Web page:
PGA Championship

Valhalla Golf Club

The Loop

Ken Green's comeback about more than golf

May 25, 2011

LOUISVILLE, Ky. -- Ken Green knows he could be in for a couple of long days at the Senior PGA Championship. "I'm thrilled to be here," Green said Wednesday at Valhalla GC, "[but] I didn't realize this course was as long as it is, and obviously with the rain, it's going to be a little tough. It's a little more hilly than I thought, so it's definitely going to be interesting."

Nothing about Green's life has been easy since June 2009, when his recreational vehicle blew a tire and crashed down an embankment in Mississippi. Green's girlfriend, Jeanne Hodgin, and his brother, Bill, were killed in the accident, along with Green's German shepherd, Nip. Green was seriously injured, and had to have his lower right leg amputated.


Coming back to competitive golf has been difficult for Green. The 52-year-old has been battling incessant pain in his leg, which affects a tiny percentage of amputees. "We're still struggling," he said. "The nerves just don't seem to want to settle down. I call it like being Tasered almost -- it's a constant lower level of Taser, and then it gets to where I basically act like I am Tasered. It's been quite a journey. I really thought I would be a lot better. Unfortunately, we're just going to have to wait it out and be patient, which as most of you know, I'm not known for."

Green got a spot in this week's field because because he is a former U.S. Ryder Cup team member (1989). He has played in only three Champions Tour events since his accident and is disappointed more tournaments haven't offered him sponsor exemptions. According to Green, he has been turned down by six tournaments. "Dick's Sporting Goods [where he played in 2010] is the only one that has told me that if I want to play, that I'll have the spot," he said.

Green wants to play for selfish and altruistic reasons. "I want to play one good tournament," and what I mean by that is if I were to finish in the top 20 in a Champions Tour event, I could walk away and smile and just be ecstatic," Green said. "There's just something that's telling me to do that. And the other reason is to try to do whatever I can for anybody who may be feeling down."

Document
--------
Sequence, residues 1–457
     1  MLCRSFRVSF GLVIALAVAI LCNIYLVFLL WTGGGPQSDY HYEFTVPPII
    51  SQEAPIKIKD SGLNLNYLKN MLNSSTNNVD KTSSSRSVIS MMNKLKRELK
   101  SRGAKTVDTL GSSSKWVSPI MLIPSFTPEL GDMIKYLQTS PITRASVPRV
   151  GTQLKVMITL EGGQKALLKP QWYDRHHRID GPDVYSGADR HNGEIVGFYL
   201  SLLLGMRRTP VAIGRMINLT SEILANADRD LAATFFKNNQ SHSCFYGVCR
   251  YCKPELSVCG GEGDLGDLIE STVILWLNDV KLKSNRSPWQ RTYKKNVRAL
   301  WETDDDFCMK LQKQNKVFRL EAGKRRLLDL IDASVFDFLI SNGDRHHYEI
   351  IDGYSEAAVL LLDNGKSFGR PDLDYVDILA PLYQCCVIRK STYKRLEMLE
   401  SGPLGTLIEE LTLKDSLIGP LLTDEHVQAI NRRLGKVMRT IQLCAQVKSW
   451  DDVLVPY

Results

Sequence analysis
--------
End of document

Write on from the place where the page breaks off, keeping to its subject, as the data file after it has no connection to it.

With golf having become a way for soldiers who lost limbs in war to regain their lives back home, Green knows he can be a visible beacon for what's possible. "All those kids who have lost their limbs from the war, they're young," Green said. "I just think that it's got to give them a boost. ... I have not met one service-member amputee who does not play golf now. They use golf as [part] of their therapy to get them reinvolved."

Most amputees don't suffer the nerve pain that Green has been dealing with. He was astounded to hear from one amputee who hits 500 balls a day. "I'm like, 'Are you kidding me?'" Green said. "Five-hundred balls? I didn't do that when I had real feet, for Christ sakes."

Green has been told that he is among "two percent of amputees [who] end up having [pain] as bad as I have it." He believes his problem could have stemmed from post-accident infections. One solution would be to remove more of his right leg, but that would make it more difficult to play golf and would not guarantee a lessening of the pain.

"Part of me still wants to play golf," said Green, a five-time PGA Tour winner, "and I don't know how good I can get if they have to go farther up my leg."

Despite the pain -- which he says the power lines that cross Valhalla seem to make worse; "something on this course is setting my leg off" -- Green hasn't lost his sense of humor. His cap is sporting a logo of a dog with an alligator in its mouth. In 2003 Green jumped into a Florida canal to rescue Nip from a hungry gator. "Nip's Haven" is a foundation Green is starting in Nip's memory to help older dogs.

"The dog has the gator this time," Green said. "It's weird. [In the canal] I could have died, Nip could have died. Then six years later we have this accident and the poor guy goes then. Nobody wants older dogs, and they get put down. My hope is to have a sanctuary and take those dogs, and they'll stay with me and live out their lives."

Whatever state Green's game is in these days, his heart is in the right place.

-- Bill Fields

(Photo: David Cannon/Getty Images)